Although we may scoff at such stories, either consciously or unconsciously we accept this myth. It shapes our language and attitudes about cancer. It gives power to the cancer and it creates limits to our own power to respond to cancer. Such myths can convince you that it is futile even to try to overcome the cancer. Such stories can leave you feeling drained of any vitality.  

The treacherous part of this myth is the element of truth hidden among the fearful fantasies. Cancer may appear

with little warning. Though much is known, there are still mysteries to solve. People do die of cancer. Some people do become frail and waste away.
The deceit rests in seeing only these facts and not the other equally valid truths. Cancer can be prevented. It can be detected early. Cancer can be cured, if not all of the time then at least some of the time. Even advanced cancers can be cured. Patients are not powerless but can take an active role in their recovery.

You do not have to let the cultural myth determine what happens to you.

Overcoming the myth
Margaret S. had accepted the cultural stereotypes of cancer but was able to confront them. After getting a second opinion that she could have a lumpectomy for her breast cancer Margaret told her doctor:

It took me a while to believe that I didn’t need a radical mastectomy. It was even more surprising to find out the statistics are in my favor. The chances are very good that I’ll live another 30 years!

I’ve begun to realize that I am different from my mother. She doesn’t have control over my life. I enjoy my writing but don’t want to become a famous person. I’m happy here in my own community. I do a lot of volunteer work at the hospital and the homeless shelter. I make a difference in people’s lives, one person at a time.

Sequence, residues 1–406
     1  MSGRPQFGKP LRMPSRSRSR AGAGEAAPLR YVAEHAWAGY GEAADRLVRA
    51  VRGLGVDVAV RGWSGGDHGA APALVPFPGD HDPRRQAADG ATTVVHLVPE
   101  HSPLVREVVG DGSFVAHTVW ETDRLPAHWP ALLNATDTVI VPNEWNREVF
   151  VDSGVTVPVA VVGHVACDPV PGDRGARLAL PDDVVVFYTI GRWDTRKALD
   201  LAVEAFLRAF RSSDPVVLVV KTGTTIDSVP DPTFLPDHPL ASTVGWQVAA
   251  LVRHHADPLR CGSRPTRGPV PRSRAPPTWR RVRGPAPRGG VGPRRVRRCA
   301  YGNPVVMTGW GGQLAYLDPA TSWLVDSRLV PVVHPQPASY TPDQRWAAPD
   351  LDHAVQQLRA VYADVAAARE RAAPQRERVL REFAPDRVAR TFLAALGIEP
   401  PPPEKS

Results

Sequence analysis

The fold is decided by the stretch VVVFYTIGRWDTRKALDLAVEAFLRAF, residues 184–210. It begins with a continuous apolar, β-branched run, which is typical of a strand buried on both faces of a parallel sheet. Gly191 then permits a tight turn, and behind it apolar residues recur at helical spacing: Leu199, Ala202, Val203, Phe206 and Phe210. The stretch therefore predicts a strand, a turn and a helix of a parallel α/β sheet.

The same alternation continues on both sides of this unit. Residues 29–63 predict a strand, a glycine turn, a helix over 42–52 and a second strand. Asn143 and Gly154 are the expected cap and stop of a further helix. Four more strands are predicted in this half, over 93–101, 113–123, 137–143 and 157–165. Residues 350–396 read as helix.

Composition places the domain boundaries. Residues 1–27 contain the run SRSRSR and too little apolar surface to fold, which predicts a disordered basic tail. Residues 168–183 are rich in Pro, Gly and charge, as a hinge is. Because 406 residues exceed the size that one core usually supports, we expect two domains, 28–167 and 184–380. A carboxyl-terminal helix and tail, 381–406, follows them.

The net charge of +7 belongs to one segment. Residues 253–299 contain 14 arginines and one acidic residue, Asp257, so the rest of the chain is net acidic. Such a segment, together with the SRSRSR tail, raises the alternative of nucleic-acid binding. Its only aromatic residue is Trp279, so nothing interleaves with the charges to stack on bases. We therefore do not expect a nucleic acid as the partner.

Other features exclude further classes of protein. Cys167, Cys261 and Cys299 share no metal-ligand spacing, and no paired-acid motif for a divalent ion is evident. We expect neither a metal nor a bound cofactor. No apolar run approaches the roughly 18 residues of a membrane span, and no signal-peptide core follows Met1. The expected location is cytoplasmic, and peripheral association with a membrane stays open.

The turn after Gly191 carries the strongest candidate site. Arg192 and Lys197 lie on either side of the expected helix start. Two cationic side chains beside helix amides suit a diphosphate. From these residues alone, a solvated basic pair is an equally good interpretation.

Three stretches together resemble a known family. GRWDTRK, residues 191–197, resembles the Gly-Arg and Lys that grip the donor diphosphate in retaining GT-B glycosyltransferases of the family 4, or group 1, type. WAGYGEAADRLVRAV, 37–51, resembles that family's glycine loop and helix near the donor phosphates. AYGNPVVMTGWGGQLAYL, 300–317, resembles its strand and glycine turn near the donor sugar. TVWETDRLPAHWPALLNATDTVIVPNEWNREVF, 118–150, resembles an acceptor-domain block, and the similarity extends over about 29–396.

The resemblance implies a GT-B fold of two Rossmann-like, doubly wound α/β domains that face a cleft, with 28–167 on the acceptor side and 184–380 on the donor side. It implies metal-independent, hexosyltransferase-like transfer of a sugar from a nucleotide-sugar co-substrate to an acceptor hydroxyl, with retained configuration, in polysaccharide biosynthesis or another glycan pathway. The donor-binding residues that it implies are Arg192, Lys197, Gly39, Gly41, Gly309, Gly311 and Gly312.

Not only was Margaret able to see through the myth of cancer but she went beyond her personal myths about who she was supposed to be. She found meaning in her life on her terms, not those she was taught as a child.

Imagining a new relationship
Jeannie K. viewed her life in terms of her ability to defend herself against threats. She had to protect herself from abuse as a child and the cancer seemed to be another threat. She joined a support group and gained from the perspective of other women. She shared in the group:

All my life I’ve had to fight for what I needed. I never felt I was strong enough to win. With your support, I feel like I’ve got a chance. I’m so grateful! You’ve helped me see that I don’t have to fight the cancer by myself. My daughters are with me. I’ve found a doctor I can trust and I’m willing to work with him.

Even better, I’m learning to trust myself. I always thought it was my fault that my father and ex-husband were drunks. It wasn’t me, it was them!

Most of all, I’m learning to love and protect myself. I practice sending love to my immune system. I don’t put up with my husband’s ignoring me—I ask for the attention I want!

The past is past. I’m working on my future.

Jeannie was able to become stronger and grow bigger in relationship to her cancer. She was able to reclaim some of the power she had lost earlier in her life

Freedom from judgment